Moments later, our broken boy was giggling with a kind of glee only children know as he started playing his favorite game: “run your brothers over with your wheelchair.” This was a magic moment.

During this time of trouble and worry, Natalie turned a sad time upside down ... a hardship into a measure happiness. I love her for that. I love her for so many things - but tonight, I love her for being a light in the darkness.

This weekend, I’m going to follow my wife’s quiet and loving example. I’m going to create moments that bring a measure of happiness to my family. Sometimes those magic moments just happen spontaneously, but more often they are a function of choice. The most ordinary moments can become magic. And as far as I can tell, even the most ordinary moments aren’t that ordinary after all ... for a moment well-spent pays dividends of joy and gratitude for a lifetime. This image ... this moment remembered, brings my heart hope and healing. Heaven knows I need that now and I’ll need it in the future.

A THOUSAND POINTS

What you see here is a small sampling of tender mercies I’ve observed along Mitchell's Journey. As you read what follows, you’ll be able to see a visual illustration in this image. I hope that in sharing things through this lens, it can help others examine their own life and start to see little points of light and the connections between them.

It starts [on the left] with tiny Mitchell, less than an hour after he was born. I was just about to give Mitch his very first bath and took this photo before a nurse placed my sweet son in my arms. As I held my little baby in my hands, I felt a lump in my throat and tears filled my eyes. In this very moment, my heart multiplied. I consider Mitchell's birth, and his very existence, a tremendous blessing in my life. One of Heaven's tender ironies is that sometimes our greatest blessings can become our greatest challenges ... and our greatest challenges can end up becoming our greatest blessings.

You’ll notice a subtle red glow behind the photo of newborn Mitch. That symbolizes the distinct impression I had the moment I first laid eyes on him. Though he appeared healthy and showed no signs whatsoever anything was amiss, I knew something was seriously wrong with him. For the next 3 years, I had a recurring impression Mitch would have a short life. I’d talk to those closest to me and it was always dismissed by others as if to say, “you worry too much.” But I knew something was wrong, and heaven wanted me to prepare. That is a tender mercy.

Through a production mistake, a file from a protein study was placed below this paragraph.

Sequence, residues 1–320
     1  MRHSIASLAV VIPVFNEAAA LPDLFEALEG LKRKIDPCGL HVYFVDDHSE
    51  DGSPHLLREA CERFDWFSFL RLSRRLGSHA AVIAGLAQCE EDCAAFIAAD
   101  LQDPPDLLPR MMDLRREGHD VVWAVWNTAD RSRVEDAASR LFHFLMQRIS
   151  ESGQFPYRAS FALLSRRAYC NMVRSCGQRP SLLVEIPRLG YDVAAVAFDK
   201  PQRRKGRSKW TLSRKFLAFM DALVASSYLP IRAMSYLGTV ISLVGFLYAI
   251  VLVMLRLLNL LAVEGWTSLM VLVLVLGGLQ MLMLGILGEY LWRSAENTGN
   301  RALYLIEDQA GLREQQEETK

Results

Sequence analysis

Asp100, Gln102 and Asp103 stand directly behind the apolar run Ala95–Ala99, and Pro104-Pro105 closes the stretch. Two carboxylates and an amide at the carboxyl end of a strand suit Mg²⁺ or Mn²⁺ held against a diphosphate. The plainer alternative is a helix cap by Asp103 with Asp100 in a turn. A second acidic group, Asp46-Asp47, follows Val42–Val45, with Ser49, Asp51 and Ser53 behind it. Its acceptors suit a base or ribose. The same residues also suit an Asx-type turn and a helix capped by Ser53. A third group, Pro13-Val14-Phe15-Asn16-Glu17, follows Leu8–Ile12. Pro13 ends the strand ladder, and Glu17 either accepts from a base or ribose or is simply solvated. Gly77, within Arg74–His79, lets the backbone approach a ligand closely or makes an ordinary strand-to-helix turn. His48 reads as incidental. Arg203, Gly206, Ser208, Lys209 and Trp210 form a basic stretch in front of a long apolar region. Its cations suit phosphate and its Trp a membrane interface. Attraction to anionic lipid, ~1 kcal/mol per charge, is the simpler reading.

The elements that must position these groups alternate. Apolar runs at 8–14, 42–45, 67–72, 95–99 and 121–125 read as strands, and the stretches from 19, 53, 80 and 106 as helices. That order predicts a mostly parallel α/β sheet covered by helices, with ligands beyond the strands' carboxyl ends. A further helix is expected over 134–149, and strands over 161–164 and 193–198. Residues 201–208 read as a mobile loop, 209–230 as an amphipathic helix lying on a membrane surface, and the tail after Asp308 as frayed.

In the months and years that followed, I witnessed a tender relationship between Mitchell and his mother. I loved to see those two souls together. As time passed I had the feeling these two were meant to be joined as mother and son - that they both had an important mission in each other's lives. I would watch in wonder as these two beautiful souls served and helped each other in unique ways.

On the top left, you’ll see a photo of Natalie and Mitch just seconds after Mitchell was diagnosed, at the age of three. I consider Mitchell's early diagnosis another tender mercy. There, you’ll see a point of light is red because it symbolizes a hardship. Hardships can turn into blessings, too. You see, that hard news put in motion early medical intervention and a support system that would play a vital role in the health and well-being of our son. The circle of stars that surrounds little Mitch wearing leg braces depicts various people and organizations that surrounded our son on his medical journey. Each a tender mercy. Each a treasured point of light.

What followed Mitchell’s early diagnosis is a line of stars that signify a thousand, thousand points of light. So many blessings, I could write volumes of books about them. One day, I might.

As Mitchell’s life was coming to an end, the points of light we encountered became more tender and revealing of a Father in Heaven that cares very much about us. A Father who cares even about a little boy who was very sick and in need of comfort.

That line of lights from Mitchell’s early diagnosis led to an image that summarizes the life we had with Mitch, while he was with us. We did our best to make the most of the time we had. As painful as knowing death was certain, it was a tender mercy to know time was short and we needed to make the most of it.

An offshoot from that line of lights is a symbolic photo that means a great deal to me. Just a few months before Mitchell passed away, I was on a photoshoot with a friend who was growing his hair and beard for an Old Testament film. We wanted to take a series of photos of him depicting the life of the Savior. At one point, I asked if we could take a photo of Mitch leaving his wheelchair - which would serve to symbolize so much about my faith and son’s circumstance. We had no idea the comforting and symbolic role this image would soon play in our lives after Mitchell passed.